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a) Explain the different methods used by Judges when interpreting the meaning of an act of parliament.

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Statutory Interpretation

  1. Explain the different methods used by Judges when interpreting the meaning of an act of parliament.

In the English law the judges haven’t been able to agree on which approach should be used, they have developed four different ways to interpret law.

The rules take different approaches to interpretation and some judges prefer to use one rule, while a other judge would prefer another rule.

The literal rule gives court to give words their plain, ordinary or literal meaning, even if the result is not very sensible. The literal rule approaches problems of statutory interpretation by taking the words at their face value. This is illustrated in Whitely v chapel (1868) where the defendant pretended to be a person whose name was on the voters list, but who had died, he was found not guilty as a dead person is not in the literal meaning of the words, ‘entitled to vote’.

The golden rule is a modification of the literal rule. The golden rule looks at the literal meaning but the court is then allowed to avoid an interpretation, which would lead to an absurd result. Under narrow application the court may only choose between the possible meanings of a word or phrase. If there is only one meaning then this word must be taken. Under wider application of the golden rule is where the words have only clear meaning. An example of this is Re Sigsworth (1935) this is where a son had murdered his mother, the mother did not make a will so normally her estate would have been inherited by her next of kin, the court write into the act that the son would not be entitled to inherited where they had killed the deceased.

The mischief rule gives judges more discretion then the other two rules. The mischief law looks at the gap in the previous law and interprets the words to advance the remedy. For example Smith V Hughes this was to interpret a section of the street offences act.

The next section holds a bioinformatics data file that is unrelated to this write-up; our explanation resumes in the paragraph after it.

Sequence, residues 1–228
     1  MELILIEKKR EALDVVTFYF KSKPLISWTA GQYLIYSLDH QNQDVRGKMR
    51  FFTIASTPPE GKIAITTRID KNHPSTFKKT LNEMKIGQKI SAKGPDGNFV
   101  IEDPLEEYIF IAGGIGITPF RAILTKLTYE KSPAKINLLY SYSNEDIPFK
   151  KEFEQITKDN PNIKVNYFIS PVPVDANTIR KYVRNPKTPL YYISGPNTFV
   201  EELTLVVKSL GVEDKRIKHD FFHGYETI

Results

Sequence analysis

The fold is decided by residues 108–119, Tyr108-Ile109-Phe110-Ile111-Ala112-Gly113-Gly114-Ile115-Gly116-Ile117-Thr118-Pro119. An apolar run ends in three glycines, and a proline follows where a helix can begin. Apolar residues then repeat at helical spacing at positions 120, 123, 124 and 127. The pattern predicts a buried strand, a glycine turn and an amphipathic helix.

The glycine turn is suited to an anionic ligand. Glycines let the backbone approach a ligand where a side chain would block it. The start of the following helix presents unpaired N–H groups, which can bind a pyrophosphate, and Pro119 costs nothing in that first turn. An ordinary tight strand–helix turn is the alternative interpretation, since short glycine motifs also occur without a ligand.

Purposive approach is looking at the reasons why a law was passed and interpreting the words accordingly. E.g. Mellons V Newport corporation (1950). Which says that they find out the intention of parliament and carry it out by filling out the gaps and making sense. The purpose approach gives judges more discretion in their decision, It can lead to judicial law-making. Judges also made use of launguage rules.

Ejusdem Generis is general words which follow a list are limited to the same kind. A case example is Powell V Kempton Park Racecourse (1899)  this is where the defendant was charged with keeping a house, office, room or other place for betting. He had been operating betting outdoors. The court decided that the general words ‘other place’ had to refer to indoor places and so the defendant was not guilty.

Expressio Unius is the express mentioned if one thing that excludes others. For example; Tempest V Kilner where the court had to consider whether the statute of frauds act applied to a contract for the sale of stocks and shares. The list ‘goods, wares and merchandise’ was not followed by any general words, stocks and shares was not mentioned.

Noscitur a sociis which means that the words must be looked at in context and interpreted accordingly. It involves looking at words in the same section or others sections in the act.

For example; Revenue commissioner’s v frere (1965).

The court will make presumptions or assumptions about the law. If the statue clearly states the opposite, the presumption will not apply and it is said that the presumption is rebutted.  There are 4 important presumptions.